At least you should, and if you don’t, well, that’s why they invented “Failure To Engage” penalties. 

As such, you know exactly when (or if) you need to reload, and going to slide lock is actually a desirable thing because it’s faster in IDPA to reload an empty gun than it is to top off a partially loaded gun. 

This has a pretty big potential to create some training scars, because even though the odds of we civilians running into a half-dozen attackers is very, very small, we want our training to be up to the task if we need it. 

A comparison: While I was, (and am) not satisfied with the training I received at Front Sight, the shoot-house scenario they ran was interesting and eye-opening. As the amount and location of bad guys were unknown to me, so was my “stage strategy” and possible reload points. I ended up doing pretty well in the scenario (including a 7 yard shot on the hostage taker that went right thru the bad guy’s right eyeball), and I credit my background in competition for not getting the shakes and allowing me to make the shot when needed. 

So what is the point of a tactical reload? Why do people who don’t wear uniforms and/or badges need to do one? More thoughts on that subject over at the Osage County Guns blog.

Video shooting games

motherhunter_games_3Cabela’s has a VERY successful line of console games that stretches back several years and cuts across all the popular platforms.

Coin-op video frames are all but gone, but Big Game Hunter stand up arcade games are still thriving. 

Trijicon teams up with EA for special bonus items in Medal Of Honor: Warfighter.

So how come practical shooting has had one (count it, one!) video game to it’s name

You would think that the run n gun format of practical shooting would be perfectly suited to the run n gun style of first person shooters. 

And you’d be wrong. 

Video games are the perfect gateway drug to practical shooting. Maybe one day, the people who run the sports will wake up to this fact, and get more young shooters involved in the sport.

What are you not talking about?

First off, a moment of Zen. 

long range shooting

That’s my Savage 16 on the rifle range at Owensville Gun Club. You’ll note that I haven’t been talking much about that gun lately because I’ve been stuck in a vicious circle of suck: I haven’t been able to get a good group to verify that it’s zeroed, and I don’t want to shoot it because my targets (and what’s NOT on them) make me look like a complete loser.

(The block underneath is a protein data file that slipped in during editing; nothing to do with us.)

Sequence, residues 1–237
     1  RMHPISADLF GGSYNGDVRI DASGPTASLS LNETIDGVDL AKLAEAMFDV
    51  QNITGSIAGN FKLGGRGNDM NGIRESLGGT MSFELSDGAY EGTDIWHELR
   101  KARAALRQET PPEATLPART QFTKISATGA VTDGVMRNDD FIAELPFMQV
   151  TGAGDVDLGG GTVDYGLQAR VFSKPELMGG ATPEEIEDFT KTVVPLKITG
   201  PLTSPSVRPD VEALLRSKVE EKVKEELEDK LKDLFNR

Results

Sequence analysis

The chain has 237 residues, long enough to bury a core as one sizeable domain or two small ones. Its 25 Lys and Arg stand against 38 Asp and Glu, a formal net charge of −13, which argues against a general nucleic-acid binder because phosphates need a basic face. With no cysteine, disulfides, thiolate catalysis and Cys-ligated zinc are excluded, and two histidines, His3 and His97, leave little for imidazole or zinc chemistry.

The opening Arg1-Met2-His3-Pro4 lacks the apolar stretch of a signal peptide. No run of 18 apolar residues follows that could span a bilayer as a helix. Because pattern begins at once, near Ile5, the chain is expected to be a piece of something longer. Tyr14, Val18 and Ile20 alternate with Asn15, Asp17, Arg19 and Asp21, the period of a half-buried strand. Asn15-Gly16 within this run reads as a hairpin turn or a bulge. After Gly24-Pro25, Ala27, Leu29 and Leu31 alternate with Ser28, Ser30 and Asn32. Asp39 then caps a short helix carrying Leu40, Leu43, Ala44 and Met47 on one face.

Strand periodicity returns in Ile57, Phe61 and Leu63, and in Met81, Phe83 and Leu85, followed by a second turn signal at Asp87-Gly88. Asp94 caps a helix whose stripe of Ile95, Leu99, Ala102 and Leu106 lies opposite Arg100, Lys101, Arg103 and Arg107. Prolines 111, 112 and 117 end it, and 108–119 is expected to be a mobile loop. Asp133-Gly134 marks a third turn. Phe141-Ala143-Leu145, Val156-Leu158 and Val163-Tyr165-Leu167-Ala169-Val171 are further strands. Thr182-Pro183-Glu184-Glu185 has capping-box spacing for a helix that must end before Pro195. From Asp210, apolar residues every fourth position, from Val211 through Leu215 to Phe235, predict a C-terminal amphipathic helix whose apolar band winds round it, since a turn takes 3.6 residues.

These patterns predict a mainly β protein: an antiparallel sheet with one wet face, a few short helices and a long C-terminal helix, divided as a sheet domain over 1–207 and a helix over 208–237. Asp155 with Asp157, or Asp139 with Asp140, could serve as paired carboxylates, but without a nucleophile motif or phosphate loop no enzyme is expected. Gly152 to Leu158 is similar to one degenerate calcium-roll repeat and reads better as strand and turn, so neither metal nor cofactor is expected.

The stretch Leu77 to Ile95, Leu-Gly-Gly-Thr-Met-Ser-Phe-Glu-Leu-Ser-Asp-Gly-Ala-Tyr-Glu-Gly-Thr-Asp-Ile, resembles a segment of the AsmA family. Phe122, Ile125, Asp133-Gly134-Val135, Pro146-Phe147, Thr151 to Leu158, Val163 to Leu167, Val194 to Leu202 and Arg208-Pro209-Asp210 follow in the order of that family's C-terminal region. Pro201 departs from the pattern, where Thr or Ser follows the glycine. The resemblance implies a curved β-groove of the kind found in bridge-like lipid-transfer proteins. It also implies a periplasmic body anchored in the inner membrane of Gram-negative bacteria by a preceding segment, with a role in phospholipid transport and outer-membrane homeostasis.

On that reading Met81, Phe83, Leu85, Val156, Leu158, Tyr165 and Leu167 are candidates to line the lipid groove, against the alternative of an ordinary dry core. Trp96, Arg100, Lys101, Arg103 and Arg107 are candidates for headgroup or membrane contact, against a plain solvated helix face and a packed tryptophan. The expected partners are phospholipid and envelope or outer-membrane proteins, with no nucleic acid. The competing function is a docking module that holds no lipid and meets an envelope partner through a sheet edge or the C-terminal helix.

The source of this loserness wasn’t easy to diagnose, either. It wasn’t something simple like a trigger jerk or a flinch, it required a two-part solution. 

  1. New scope rings. I had Extra High rings on that gun because of the large objective lens of the Millett scope, except that I have a 20 MOA base on the gun that lifts up the scope even more.
    As a result, I had set up my scope WAY above the point where I could get a consistent cheek weld and scope sight picture. 
    Whoops. 
    Changing out to a set of Weaver medium rings has made a HECK of a difference in getting consistent hits on-paper. 
  2. New ammo. I had been using M80 ball of questionable origin (I think it’s Greek surplus, but I may be wrong…) in my practice sessions, and I could get 3MOA out of it, at best. Switching to Hornady Steel Match (which apparently isn’t made anymore. Bummer.) has made a world of difference, and all of a sudden I was making 1MOA any time I wanted to, and that man-shaped piece of steel at 325 yards got rung with boring repeatability. 
    When the Steel Match runs out, I’ll switch to Prvi Partizan Match for practice and maybe even matches, at least until I get my reloading press set up again. 

I wasn’t talking about shooting long-range because I wasn’t any good at shooting long range. Instead of training hard to fill in the gap, I was avoiding the problem in front of me.

Whoops.

Not no more. Now that I’ve identified the problem, I can work on a solution.

And one thing you can’t see in that photo is the flock of wild turkeys that wandered across the range at about 400 yards. I was tempted, VERY tempted to get the main course for next month’s big dinner, but managed to hold back and shoot at the inorganic targets I had in front of me…